France limits use of health pass for shopping amid protests

Thousands of people attended marches to oppose President Emmanuel Macron's plan to use health passes to access venues.
Thousands of people attended marches to oppose President Emmanuel Macron's plan to use health passes to access venues.PHOTO: AFP

PARIS (BLOOMBERG) - France will limit the use in shopping malls of a contested digital "health pass" that provides evidence of Covid status, even as the spread of the coronavirus accelerates again.

In a bid to limit the impact on retailers, the passes will only be required to enter malls with a surface area of more than 20,000 square metres, Finance Minister Bruno Le Maire said in an interview with Sunday newspaper JDD.

The move comes after thousands of people attended marches on Saturday (July 17) in major cities to oppose President Emmanuel Macron's plan to use health passes to access venues such as restaurants and cafes. The passes include data on Covid-19 test results and vaccination status.

"Business leaders are worried and I want to reassure them: We will show understanding," Mr Le Maire said.

Mr Macron, who faces re-election in April, is stepping up efforts to avoid further lockdowns that could undermine the swift economic rebound seen in recent months.

Last week, he made Covid-19 shots mandatory for healthcare workers, as well as announcing the expanded use of the health pass, which can be displayed as a QR code on a smartphone.

Yet the latest Covid-19 figures could pressure the government further. The reproductive rate of the virus, known as the R rate, has risen sharply this month to almost 1.5 from around 0.5 in June, and the daily count of cases has now risen past 10,000 per day.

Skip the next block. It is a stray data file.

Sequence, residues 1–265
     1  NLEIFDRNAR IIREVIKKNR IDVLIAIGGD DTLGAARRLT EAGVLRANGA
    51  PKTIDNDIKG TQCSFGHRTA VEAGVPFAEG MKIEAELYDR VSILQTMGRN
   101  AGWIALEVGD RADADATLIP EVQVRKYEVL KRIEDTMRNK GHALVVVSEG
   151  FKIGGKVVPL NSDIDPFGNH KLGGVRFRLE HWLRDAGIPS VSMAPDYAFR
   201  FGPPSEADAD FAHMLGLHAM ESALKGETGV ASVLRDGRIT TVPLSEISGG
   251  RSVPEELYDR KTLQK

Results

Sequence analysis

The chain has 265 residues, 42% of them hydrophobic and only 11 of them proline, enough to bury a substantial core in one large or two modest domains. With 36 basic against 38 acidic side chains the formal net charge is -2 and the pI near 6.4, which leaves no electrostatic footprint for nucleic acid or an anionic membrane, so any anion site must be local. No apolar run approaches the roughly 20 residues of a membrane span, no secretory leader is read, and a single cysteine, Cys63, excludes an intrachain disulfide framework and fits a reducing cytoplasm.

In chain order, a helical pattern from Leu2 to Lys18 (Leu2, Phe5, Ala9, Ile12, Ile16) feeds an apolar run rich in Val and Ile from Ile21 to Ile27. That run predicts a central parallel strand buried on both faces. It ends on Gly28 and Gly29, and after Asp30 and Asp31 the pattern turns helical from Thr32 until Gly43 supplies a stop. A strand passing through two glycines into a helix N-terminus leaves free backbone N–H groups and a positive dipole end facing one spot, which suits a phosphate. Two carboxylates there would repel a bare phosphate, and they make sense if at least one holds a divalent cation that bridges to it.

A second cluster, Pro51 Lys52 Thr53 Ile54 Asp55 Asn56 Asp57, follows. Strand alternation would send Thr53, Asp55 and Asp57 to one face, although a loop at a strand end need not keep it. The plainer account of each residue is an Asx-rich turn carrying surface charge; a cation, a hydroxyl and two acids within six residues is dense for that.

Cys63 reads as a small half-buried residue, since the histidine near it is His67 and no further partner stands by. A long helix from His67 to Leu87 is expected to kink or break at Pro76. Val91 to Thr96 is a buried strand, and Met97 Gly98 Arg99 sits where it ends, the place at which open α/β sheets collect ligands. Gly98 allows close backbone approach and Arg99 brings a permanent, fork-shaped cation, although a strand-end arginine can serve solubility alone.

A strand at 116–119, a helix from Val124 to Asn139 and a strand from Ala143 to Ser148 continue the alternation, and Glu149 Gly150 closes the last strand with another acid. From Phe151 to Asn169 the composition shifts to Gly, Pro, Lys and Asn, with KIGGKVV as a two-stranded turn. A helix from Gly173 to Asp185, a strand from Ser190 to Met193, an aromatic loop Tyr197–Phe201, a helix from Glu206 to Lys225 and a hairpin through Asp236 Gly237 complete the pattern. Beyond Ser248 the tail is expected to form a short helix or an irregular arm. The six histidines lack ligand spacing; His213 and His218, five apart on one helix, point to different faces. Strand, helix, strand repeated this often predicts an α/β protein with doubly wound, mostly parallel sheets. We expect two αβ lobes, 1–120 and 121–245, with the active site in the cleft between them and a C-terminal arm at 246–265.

"The dynamic of the epidemic is clearly stronger than in the previous waves even if we are starting from a lower point," Health Minister Olivier Veran told JDD.

"We are obliged to consider measures to put on the brakes or encourage better respect of social distancing."

Yellow vests surface

Some of Saturday's protests were attended by the Yellow Vests, according to Le Figaro.

The movement, which started as a grassroots effort in 2018 and grew into nationwide riots that hurt businesses and the economy, was a major issue for Mr Macron before the Covid-19 crisis.

A clear majority - about 62 per cent - of French people approve of the health passes, Le Parisien reported on Saturday, citing an Ipsos/Sopra Steria poll.

Still, protests against the vaccine push are creating problems. A vaccination centre in the Isere department of eastern France was vandalised on Friday night, Le Figaro reported.

Almost 114,000 people joined Saturday's protests, according to Interior Ministry figures cited by Agence France-Presse.

"The radicalisation of some of our compatriots is a political reality. It is fed by anger, lies, and disinformation," Mr Le Maire said in the JDD interview. "We can only respond with reason and courageous decisions."

Mr Macron's tougher stance has had some success in pushing up vaccination rates. Three million people made appointments last week to get their jabs, according to Le Parisien and the government reported a record 879,597 shots administered on Friday, Dr Veran tweeted.

Some popular summer destinations are already taking further measures to contain the Delta variant.

Authorities in the Pyrenees Orientales, in southern France, imposed a temporary curfew from 11pm to 6am, impacting bars, restaurants, beaches and some other non-essential services, Le Figaro and other media reported.